Konami Accused of Racist Ads

The Advertising Standards Authority of the UK is in action again. Last month, it was reported here on GamerNode that the ASA shot down the television ads shown for the Call of Duty games. The complaints charged that the ads falsely advertised the games by using misleading graphics, which were not in the games themselves. After investigation, the charges proved to be true and the ads were pulled. This week, ads for Konami’s UK released game, Crime Life: Gang Wars, was given the boot by the ASA. The complaints are about ads which appeared in the Metro, London edition. The ads depict five black men standing and holding guns, a baseball bat and a hammer. The caption for the image says, “Rule the streets or fall by the wayside.” According the the ASA, “The complainant objected that the ad was offensive and irresponsible, because it exploited racial stereotypes, glorified violence and encouraged anti-social behaviour.” In Konami of Europe’s defense, they stated that the men in the ad were from the music group, “D12” and that the members were the prime characters in Konami’s title. The ad picture was approved by the band. The ASA reported that the Metro informed them that, “…the ad was suitable for publication because their survey, Urban Life, showed that a high percentage of their readers played video games; they considered their readers would distinguish real life from a video game. They told us they had not received any complaints about the ad.” The ASA’s final decision on the ads was to ask Konami not to republish the advertisements again. According to the final decision made by the association: “The ASA [has] noted Konami's comments. We accepted that D12 had approved the use of their image but concluded that some readers may not understand that the men in the ad represented the band members and could take the image to be a negative portrayal of black men and be offended by it on those grounds. We also considered that the text "RULE THE STREETS OR FALL BY THE WAYSIDE" could be seen to condone violence and present that choice of lifestyle as aspirational in a way that was irresponsible. We told Konami not to repeat the ad and advised them to approach the CAP Copy Advice team for guidance when advertising similar products in future.” This just goes to prove how unimaginably powerful advertising has on the human mind and how we all need to be protected from these nefarious ads. Last week, when the GamerNode staff saw an ad for Dance Dance Revolution, we immediately took out our dance mats and proceeded to do head spins and back flips. But in all seriousness, the issue of censorship is a tricky one. Any form of media is subject to the public’s scrutiny and opinion. That is the nature of the beast. But is there a distinguishable line that can be seen which determines the “bad” from the “good?” Can an ad, which is “innocent” of any harmful intentions, be pulled because of “offensive material”? We’re not sure of the answer either but the next time Konami thinks about putting up an ad for their next shooter; they may want to replace those guns and baseball bats with fuzzy bunnies and smiley faces.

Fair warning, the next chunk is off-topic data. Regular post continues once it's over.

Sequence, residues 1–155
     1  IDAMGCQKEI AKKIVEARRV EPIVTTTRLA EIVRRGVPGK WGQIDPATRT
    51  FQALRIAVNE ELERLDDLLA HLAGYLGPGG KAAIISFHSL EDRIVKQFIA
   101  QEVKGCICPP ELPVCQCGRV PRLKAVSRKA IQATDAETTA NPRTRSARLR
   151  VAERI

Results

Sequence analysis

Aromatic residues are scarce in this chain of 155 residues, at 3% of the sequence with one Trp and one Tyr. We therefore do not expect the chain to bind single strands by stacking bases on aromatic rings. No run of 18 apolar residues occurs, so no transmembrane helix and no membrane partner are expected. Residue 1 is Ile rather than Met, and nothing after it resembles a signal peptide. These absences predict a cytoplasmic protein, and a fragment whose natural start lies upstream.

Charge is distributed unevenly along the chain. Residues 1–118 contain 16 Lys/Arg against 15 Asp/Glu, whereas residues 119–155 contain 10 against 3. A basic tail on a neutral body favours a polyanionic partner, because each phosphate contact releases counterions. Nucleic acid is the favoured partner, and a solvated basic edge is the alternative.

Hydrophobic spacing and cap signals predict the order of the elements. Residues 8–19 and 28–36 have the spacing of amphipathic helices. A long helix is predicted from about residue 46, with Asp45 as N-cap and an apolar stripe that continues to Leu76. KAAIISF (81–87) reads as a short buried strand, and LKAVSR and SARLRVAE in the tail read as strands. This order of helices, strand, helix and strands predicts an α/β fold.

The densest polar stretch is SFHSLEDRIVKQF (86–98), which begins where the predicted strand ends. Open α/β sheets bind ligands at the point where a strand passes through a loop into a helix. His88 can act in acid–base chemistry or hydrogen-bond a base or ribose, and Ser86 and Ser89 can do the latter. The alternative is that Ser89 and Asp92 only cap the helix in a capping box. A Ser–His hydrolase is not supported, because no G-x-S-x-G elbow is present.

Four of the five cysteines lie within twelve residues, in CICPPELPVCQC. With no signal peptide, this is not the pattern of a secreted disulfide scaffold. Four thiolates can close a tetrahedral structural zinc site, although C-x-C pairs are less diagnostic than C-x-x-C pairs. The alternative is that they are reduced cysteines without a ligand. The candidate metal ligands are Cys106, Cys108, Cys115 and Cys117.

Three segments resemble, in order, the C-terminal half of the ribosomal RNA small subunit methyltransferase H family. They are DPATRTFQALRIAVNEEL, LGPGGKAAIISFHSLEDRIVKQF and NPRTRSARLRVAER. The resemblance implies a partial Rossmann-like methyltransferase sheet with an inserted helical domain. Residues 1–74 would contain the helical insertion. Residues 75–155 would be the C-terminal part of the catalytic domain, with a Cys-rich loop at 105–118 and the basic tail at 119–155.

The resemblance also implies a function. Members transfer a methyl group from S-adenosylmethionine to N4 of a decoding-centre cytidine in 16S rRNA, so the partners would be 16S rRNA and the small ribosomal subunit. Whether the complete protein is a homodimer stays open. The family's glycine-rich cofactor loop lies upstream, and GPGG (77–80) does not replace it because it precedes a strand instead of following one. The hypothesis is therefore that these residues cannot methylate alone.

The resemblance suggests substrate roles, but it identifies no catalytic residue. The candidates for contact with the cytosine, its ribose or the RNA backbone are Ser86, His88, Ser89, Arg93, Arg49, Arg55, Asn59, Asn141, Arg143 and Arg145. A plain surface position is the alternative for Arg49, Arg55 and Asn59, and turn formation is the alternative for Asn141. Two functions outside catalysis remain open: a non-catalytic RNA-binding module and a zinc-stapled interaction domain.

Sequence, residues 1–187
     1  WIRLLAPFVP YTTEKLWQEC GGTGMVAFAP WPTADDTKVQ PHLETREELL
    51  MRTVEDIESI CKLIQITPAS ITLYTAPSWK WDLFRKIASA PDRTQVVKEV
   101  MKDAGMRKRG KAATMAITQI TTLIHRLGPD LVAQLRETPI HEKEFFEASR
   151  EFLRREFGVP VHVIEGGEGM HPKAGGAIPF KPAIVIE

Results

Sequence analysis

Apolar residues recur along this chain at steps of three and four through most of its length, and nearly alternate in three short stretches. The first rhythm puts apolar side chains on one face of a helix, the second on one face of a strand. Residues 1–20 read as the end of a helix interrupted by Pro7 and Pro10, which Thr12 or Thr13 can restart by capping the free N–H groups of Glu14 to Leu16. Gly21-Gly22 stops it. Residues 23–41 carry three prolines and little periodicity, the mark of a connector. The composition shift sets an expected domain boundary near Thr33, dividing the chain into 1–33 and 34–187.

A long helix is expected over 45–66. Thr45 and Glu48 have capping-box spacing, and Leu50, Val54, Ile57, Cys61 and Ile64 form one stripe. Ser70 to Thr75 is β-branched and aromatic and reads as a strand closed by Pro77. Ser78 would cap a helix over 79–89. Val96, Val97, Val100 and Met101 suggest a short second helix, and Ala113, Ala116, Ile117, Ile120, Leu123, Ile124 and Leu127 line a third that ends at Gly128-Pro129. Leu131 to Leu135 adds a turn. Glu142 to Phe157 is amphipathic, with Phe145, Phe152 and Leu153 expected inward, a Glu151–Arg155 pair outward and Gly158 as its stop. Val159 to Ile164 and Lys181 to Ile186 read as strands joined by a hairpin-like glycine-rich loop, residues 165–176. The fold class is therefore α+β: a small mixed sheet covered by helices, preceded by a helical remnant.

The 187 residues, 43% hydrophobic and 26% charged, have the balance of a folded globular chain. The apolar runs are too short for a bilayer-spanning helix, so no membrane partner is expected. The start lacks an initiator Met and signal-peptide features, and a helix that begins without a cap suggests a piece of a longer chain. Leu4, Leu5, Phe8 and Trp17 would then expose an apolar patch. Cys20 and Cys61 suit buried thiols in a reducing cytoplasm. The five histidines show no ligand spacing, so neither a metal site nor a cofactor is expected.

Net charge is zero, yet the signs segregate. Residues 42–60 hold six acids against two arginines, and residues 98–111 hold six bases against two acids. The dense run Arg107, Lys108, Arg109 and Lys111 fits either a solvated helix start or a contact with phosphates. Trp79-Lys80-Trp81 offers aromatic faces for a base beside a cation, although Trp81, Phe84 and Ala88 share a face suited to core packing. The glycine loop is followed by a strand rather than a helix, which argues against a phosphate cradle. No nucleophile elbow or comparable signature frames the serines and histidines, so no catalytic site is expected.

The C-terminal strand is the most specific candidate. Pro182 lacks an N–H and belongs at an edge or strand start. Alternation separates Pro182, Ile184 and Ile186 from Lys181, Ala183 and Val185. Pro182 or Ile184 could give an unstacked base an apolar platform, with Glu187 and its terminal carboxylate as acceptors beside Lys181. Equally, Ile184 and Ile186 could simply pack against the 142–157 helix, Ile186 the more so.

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Author: GamerNode Staff View all posts by

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